Potsdam to start giving out free tampons and sanitary towels

Potsdam to start giving out free tampons and sanitary towels

In a bid to end period poverty and tackle the taboo surrounding the subject of menstruation, city authorities in Potsdam will soon start providing tampons and sanitary towels, free of charge, in various places around the German city

Potsdam to give out free period products

On Wednesday, the Equal Opportunities Office at the university in the city announced that 20 tampon and sanitary towel dispensers had been installed at various locations around the university campus. The idea is to provide assistance to people studying in the city on low incomes, and fight taboos surrounding periods. 

City authorities also plan to instal a total of 40 additional dispensers in at least 25 different public buildings, a spokesperson confirmed. Period products will be given out for free in schools, swimming pools, administration buildings and museums, among other places.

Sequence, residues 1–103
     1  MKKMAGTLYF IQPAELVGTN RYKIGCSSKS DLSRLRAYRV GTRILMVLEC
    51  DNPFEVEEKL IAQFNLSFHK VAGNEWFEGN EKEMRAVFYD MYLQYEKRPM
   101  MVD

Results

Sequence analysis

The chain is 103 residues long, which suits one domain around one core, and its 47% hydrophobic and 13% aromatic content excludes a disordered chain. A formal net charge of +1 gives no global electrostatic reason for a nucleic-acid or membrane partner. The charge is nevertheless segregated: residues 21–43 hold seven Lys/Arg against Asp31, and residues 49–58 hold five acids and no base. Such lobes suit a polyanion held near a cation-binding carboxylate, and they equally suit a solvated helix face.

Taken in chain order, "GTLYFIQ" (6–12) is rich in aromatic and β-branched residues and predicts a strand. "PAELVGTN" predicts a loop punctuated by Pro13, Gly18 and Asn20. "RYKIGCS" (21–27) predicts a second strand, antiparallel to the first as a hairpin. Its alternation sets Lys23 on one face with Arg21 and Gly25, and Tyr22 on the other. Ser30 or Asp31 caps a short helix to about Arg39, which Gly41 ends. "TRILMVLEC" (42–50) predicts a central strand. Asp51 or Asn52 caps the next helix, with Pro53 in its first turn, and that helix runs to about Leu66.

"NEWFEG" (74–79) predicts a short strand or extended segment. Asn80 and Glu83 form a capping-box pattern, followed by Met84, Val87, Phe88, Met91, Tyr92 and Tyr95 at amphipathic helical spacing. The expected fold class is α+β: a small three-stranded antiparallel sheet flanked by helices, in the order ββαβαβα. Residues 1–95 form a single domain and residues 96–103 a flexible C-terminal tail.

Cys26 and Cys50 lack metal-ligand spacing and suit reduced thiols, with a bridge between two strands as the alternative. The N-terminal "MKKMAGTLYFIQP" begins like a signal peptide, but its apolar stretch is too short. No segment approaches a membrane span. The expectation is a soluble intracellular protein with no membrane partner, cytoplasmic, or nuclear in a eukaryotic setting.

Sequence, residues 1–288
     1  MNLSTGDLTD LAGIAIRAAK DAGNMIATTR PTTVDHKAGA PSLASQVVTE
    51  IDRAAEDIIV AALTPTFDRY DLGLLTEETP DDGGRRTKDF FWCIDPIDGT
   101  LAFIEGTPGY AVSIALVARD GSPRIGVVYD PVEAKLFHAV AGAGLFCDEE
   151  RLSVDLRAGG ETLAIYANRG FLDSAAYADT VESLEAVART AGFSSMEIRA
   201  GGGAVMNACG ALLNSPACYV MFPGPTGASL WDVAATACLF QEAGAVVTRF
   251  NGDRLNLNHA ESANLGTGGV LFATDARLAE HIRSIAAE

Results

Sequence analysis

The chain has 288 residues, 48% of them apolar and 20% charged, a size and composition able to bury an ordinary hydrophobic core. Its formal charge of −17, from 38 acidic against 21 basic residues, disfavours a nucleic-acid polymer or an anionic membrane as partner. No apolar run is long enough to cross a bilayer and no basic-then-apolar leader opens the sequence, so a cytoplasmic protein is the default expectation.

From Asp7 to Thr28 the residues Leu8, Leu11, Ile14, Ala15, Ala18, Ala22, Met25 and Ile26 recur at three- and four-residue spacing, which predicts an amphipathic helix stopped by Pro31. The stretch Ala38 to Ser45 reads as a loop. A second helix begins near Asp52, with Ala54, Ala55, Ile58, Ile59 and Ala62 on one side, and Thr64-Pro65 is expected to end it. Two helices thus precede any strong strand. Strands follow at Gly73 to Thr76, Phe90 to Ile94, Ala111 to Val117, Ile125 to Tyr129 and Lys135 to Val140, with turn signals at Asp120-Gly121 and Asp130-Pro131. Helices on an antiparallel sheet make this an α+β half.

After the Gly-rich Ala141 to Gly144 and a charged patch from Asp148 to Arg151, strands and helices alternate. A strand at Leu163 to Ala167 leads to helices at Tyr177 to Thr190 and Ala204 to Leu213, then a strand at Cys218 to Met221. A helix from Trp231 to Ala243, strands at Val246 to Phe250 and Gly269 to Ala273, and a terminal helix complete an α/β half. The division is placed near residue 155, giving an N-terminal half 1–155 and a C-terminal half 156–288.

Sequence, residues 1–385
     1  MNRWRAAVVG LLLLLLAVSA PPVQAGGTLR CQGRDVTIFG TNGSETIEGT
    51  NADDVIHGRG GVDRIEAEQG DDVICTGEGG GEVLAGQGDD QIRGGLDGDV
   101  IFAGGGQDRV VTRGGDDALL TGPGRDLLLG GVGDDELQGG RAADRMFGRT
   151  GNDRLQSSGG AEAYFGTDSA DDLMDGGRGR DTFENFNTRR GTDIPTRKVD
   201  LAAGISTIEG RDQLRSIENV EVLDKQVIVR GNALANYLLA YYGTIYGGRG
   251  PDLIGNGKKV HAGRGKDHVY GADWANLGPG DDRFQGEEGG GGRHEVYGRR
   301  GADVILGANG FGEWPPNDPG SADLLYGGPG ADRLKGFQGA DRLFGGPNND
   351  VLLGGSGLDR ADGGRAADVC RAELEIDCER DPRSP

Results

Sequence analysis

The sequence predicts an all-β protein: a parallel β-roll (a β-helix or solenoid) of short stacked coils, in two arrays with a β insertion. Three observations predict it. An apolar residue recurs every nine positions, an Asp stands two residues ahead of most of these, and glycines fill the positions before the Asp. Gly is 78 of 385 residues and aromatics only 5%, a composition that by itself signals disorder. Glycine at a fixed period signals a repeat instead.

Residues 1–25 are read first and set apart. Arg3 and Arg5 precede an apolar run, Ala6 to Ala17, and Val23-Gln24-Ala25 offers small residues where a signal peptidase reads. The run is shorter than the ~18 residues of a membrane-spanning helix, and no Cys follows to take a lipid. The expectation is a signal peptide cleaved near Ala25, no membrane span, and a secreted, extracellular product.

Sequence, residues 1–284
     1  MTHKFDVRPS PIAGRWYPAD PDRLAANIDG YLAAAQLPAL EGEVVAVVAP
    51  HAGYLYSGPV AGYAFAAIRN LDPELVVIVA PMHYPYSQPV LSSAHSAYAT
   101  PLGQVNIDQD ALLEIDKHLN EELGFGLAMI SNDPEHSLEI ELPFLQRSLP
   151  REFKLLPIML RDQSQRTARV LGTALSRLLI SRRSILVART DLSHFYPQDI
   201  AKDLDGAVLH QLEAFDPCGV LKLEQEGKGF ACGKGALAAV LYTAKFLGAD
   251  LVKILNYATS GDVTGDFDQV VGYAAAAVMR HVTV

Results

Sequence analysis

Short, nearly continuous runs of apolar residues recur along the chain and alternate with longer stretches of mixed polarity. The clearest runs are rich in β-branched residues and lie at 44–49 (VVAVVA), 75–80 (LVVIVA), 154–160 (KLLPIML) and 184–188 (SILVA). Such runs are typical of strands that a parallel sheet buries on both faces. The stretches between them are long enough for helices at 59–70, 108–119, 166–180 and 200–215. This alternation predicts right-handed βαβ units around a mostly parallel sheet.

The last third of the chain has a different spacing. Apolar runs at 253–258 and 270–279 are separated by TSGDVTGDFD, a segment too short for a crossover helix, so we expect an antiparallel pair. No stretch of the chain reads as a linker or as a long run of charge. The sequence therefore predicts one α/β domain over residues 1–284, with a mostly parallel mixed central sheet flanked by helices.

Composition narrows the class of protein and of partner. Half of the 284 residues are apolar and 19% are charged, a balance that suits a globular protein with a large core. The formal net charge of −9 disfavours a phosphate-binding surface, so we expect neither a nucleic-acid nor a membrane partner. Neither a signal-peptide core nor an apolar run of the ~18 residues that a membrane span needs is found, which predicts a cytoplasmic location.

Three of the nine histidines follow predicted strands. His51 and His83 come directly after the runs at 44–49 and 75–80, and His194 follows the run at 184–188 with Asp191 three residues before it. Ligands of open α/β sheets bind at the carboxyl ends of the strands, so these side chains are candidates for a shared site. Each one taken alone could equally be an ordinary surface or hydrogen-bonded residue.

The cost of filling and maintaining the university dispensers is to be shared equally between the student body and management, according to the Tagesspiegel. City authorities will also contribute around 40.000 euros per year towards the scheme. 

Period poverty remains an issue in Germany

Period poverty is a term used to describe the issue of people being unable to access or afford menstrual products and safe, hygienic spaces in which to use them. Even in developed countries like Germany, period products can represent a significant dent in the budget for the millions of people living in poverty. 

In a bid to alleviate this, at the end of 2019 the German government agreed to reduce the rate of VAT on sanitary products from 19 to 7 percent, after years of campaigning from activists who pointed out that other things like cut flowers, pets, collectible coins and cinema tickets already benefited from the reduced rate of taxation. Since January 2020, period products have been taxed as “daily necessities”



Abi Carter

Abi studied History & German at the University of Manchester. She has since worked as a writer, editor and content marketeer, but still has a soft spot for museums, castles...

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